Dr. Oz’s three biggest weight loss lies, debunked


Dr. Oz's three biggest weight loss lies, debunked

Dr. Oz reaches more people in a day than most doctors do in a lifetime. But his popular show is often based on bad science.

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Further reading:

Senate hearing on weight loss product advertising (CSPAN)
http://www.c-span.org/video/?320015-1/weightloss-product-advertising

"Why 'metabolism boosters' are bullshit" (Vox)
http://www.vox.com/2014/8/10/5983839/why-metabolism-boosters-are-bullshit

"Over-the-counter weight -loss pills: Do they work?" (Mayo Clinic)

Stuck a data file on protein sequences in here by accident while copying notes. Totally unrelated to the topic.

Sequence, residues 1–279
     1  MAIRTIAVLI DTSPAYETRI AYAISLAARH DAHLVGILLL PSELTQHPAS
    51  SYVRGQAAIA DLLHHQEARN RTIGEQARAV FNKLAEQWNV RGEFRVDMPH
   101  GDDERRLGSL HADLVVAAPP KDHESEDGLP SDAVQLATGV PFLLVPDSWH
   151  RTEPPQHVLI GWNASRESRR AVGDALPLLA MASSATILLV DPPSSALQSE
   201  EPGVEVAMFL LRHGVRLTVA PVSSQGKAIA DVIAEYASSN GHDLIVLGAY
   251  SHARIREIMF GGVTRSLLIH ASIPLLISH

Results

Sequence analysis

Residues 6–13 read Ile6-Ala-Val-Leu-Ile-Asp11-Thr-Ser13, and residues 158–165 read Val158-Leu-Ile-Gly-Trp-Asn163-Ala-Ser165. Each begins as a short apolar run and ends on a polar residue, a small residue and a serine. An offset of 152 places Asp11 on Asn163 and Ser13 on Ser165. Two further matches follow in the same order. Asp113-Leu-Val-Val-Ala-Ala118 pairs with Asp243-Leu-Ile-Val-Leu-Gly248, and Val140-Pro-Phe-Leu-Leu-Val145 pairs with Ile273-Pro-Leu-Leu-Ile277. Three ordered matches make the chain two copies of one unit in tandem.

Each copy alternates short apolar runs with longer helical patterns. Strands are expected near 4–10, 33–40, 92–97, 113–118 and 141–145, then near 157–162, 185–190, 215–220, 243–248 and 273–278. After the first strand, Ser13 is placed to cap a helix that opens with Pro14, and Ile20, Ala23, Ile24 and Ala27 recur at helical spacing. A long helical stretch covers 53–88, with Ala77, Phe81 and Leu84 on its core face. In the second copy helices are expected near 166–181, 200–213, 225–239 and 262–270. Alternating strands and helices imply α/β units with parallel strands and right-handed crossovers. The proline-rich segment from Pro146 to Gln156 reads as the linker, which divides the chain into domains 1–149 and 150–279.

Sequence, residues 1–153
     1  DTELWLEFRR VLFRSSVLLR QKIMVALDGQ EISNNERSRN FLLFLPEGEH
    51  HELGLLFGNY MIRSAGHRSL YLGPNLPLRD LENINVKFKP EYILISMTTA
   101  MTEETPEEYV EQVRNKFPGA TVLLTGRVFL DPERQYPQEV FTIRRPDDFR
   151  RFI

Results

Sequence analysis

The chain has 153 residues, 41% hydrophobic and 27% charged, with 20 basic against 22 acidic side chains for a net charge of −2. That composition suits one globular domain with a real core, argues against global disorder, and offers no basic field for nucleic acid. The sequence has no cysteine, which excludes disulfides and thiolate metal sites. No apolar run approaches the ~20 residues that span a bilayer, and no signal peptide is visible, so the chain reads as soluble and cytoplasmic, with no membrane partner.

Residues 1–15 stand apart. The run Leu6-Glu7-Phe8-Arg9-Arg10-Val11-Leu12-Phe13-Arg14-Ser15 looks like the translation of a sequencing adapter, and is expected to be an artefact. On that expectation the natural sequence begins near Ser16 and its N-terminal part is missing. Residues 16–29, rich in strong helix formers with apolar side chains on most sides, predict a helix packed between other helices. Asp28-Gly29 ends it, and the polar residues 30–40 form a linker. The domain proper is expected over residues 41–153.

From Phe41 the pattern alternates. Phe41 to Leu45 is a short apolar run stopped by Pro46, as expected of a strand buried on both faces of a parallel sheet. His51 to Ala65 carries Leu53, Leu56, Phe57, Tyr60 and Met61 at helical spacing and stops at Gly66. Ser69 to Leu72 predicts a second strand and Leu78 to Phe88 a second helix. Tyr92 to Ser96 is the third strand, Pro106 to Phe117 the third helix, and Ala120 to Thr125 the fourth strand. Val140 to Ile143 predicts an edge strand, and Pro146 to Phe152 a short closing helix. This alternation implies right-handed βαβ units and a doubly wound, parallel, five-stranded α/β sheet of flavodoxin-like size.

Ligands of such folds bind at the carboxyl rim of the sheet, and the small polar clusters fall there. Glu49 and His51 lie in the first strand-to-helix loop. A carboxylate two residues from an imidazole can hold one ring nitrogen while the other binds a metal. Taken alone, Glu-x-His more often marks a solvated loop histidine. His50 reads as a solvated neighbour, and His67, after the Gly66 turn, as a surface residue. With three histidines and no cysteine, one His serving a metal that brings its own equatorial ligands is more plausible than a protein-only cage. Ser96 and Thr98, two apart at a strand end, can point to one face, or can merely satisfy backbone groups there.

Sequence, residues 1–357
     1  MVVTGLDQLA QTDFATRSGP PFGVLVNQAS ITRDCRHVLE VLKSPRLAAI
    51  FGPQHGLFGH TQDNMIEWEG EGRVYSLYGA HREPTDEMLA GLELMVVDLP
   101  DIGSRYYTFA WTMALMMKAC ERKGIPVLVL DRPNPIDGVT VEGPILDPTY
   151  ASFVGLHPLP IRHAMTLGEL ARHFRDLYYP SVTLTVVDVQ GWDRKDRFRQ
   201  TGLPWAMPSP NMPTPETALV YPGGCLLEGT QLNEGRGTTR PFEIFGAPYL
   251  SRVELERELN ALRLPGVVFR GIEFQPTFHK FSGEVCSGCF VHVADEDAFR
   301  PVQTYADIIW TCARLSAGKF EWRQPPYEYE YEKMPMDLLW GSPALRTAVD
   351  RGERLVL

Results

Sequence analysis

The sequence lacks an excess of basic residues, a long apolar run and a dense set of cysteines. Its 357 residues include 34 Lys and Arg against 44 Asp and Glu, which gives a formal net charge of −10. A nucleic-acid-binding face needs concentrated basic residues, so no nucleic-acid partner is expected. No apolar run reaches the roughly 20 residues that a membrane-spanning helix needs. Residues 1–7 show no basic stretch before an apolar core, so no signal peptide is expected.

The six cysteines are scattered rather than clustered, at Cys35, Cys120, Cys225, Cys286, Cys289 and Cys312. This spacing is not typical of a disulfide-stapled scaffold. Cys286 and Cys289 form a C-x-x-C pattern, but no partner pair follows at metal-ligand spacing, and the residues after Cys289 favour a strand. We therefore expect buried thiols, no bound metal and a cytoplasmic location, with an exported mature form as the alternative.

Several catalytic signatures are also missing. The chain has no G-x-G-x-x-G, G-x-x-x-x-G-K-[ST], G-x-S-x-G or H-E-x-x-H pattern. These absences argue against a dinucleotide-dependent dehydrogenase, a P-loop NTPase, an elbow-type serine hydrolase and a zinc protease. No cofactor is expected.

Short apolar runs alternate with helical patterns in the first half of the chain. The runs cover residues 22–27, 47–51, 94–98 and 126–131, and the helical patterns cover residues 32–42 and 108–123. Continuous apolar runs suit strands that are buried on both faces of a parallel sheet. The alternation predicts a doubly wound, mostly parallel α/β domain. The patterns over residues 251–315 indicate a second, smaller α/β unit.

http://www.mayoclinic.org/healthy-living/weight-loss/in-depth/weight-loss/art-20046409

"Navigating dietary supplement regulations" (NPR Science Friday)
http://www.npr.org/2013/11/08/243950746/navigating-dietary-supplement-regulations

"Weight loss, diets and supplements. Does anything work?) (American Diabetes Association)
http://spectrum.diabetesjournals.org/content/14/3/169.full

"The skinny on bely fat" (Rush University Medical Center)
http://www.rush.edu/rumc/page-1298330047559.html

"An evidence-based review of fat-modifying supplemental weight loss products" (Journal of Obesity)
http://www.ncbi.nlm.nih.gov/pmc/articles/PMC2931392/

"The Operator: Is the most trusted doctor in America doing more harm than good?" (The New Yorker)
http://www.newyorker.com/magazine/2013/02/04/the-operator

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